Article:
Book Review: The Unofficial Guide to Disneyland 2015

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Unofficial Guide to Disneyland 2015


1985 was an eventful year. Back to the Future was theatrically released, the Kansas City Royals won the World Series, and Bob Sehlinger commenced publication of his Unofficial Guide series, which strives to help tourists plan trips to various destinations, most notably Disneyland and Walt Disney World.


The Unofficial Guide to Disneyland has been updated annually since the first printing and focuses on maximizing one’s time in the parks. To this end, various “touring plans,” published in the back of the book and online at, are emphasized. The 2015 edition is written by Sehlinger and travel journalist Seth Kubersky, who also blogs for and co-authors a guidebook about the Universal Orlando Resort, with Len Testa, the owner of and co-author of The Unofficial Guide to Walt Disney World.

The book is divided into an insightful introductory section, seven primary chapters, and an appendix that features the touring plans as well as general reader questions and comments. Along the way, general trip planning advice; restaurant and hotel reviews and recommendations; and reviews of the individual attractions at Disneyland Park, Disney’s California Adventure, and Universal Studios Hollywood are provided. For those who have previously visited Walt Disney World, The Unofficial Guide to Disneyland emphasizes the similarities and differences between the Florida resort and Disneyland.


I was admittedly disappointed when I first read The Unofficial Guide to Disneyland in 2004. I had previously perused the book’s Walt Disney World counterpart, which broke down everything at the Florida resort, from the restaurants, to the hotels, to the theme parks.

Though sufficient overall, I found the Disneyland book lacking in two areas. First, the restaurant information was minimal, relegated to short blurbs in the theme park and hotel sections. Secondly, many of the comments from the Walt Disney World book were merely copied into the Disneyland guide, though this conundrum is more related to me being an uber-Disney fan than a fault with the book itself.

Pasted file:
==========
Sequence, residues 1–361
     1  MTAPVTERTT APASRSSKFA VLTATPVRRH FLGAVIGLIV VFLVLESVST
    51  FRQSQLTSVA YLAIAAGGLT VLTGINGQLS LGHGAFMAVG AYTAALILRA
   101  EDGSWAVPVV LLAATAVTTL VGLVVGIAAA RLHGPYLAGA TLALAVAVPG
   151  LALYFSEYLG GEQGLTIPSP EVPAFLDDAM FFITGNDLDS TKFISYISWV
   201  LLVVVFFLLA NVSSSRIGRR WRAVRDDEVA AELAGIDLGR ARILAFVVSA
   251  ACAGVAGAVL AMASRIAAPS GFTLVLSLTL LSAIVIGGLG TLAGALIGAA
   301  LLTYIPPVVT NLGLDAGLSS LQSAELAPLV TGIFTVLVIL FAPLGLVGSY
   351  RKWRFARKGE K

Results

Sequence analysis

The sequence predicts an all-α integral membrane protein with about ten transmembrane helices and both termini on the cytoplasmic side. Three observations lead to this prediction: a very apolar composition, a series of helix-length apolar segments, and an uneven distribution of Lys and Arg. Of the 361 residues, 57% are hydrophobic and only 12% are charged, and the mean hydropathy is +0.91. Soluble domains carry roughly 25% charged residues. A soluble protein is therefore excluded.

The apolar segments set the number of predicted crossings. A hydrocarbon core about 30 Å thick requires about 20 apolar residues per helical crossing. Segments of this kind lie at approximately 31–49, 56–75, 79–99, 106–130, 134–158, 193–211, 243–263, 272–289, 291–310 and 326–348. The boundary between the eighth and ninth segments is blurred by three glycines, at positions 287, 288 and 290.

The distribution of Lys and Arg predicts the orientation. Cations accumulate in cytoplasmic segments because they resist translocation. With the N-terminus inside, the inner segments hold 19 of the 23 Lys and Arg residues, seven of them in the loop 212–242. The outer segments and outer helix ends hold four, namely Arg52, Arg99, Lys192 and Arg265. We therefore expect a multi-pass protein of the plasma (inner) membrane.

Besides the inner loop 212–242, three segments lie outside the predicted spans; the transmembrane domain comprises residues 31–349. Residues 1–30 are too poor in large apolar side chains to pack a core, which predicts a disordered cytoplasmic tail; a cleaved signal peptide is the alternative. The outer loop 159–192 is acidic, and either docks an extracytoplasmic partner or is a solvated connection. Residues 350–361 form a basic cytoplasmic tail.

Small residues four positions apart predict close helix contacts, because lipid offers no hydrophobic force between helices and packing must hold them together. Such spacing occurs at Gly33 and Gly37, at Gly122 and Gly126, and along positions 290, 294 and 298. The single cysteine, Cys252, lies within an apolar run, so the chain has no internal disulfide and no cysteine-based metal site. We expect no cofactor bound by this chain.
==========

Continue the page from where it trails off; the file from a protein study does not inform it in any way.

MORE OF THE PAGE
In any event, these two issues have been rectified in recent editions. A comprehensive dining section reviews every on-site restaurant, both counter service and full service, in addition to select off-site establishments within 15 minutes of the Resort. Also, more Disneyland-centric reader comments and opinions pervade the book.


Sehlinger’s tome is as unbiased as a guidebook can be. Being independent of the Walt Disney Company, The Unofficial Guide to Disneyland pulls no punches. If, in the authors’ opinions, an attraction, a restaurant, or a hotel is excellent, the book will say that. Conversely, if the writers deem an experience subpar, they will bluntly detail the shortcomings.

To further its credibility, The Unofficial Guide to Disneyland incorporates reader input throughout the book. Provided through comments, an on-site hotel survey (p. 35), a reader-approval rating for each on-site restaurant, and a breakdown of each attraction’s appeal by six different age groups, the inclusion of reader opinions helps showcase diverse viewpoints. To provide a specific example, the authors insert a reader comment that disagrees with their opinions on the Matterhorn Bobsleds (p. 243).

Unofficial Guide to Disneyland Pinterest

Special Features

The guide’s primary special feature is its touring plans. 12 plans designed to account for different age groups and schedules are provided in the appendix, with customizable versions available to create at I have never used the plans, but by most accounts—the plans have garnered front-page articles in The Dallas Morning News and The New York Times, and 98 percent of reader feedback is positive (pp. 71-72)—they succeed at substantially reducing the amount of time a visitor waits in line for attractions.

Another unique aspect of the book is the blurbs provided by Jim Hill, a Disney historian, about the past and the future of the Disneyland Resort. To give one example, Hill reveals a rejected proposal that would have dramatically altered the theme of the California Screamin’ roller coaster at Disney’s California Adventure (p. 298).

Finally, significant attention is paid to traveling with children. Among other material, a “Small-Child Fright-Potential Chart” is included to help readers gauge the scariness-level of each attraction at both Disneyland Park and Disney’s California Adventure (pp. 142-145).

Other Topics

82 Disneyland-area hotels, both on-site and off-site, and seven Universal Studios-area resorts are rated on both quality and value (pp. 66-68).

For interested tourists and Disneyphiles alike, the authors suggest superior websites, podcasts, message forums, and twitter handles for Disneyland information (pp. 18-20).


Unbiased in nature and comprehensive in scope, The Unofficial Guide to Disneyland is an optimal tool for planning a Disneyland vacation.

What are your thoughts on The Unofficial Guide to Disneyland? Let me know in the comments!

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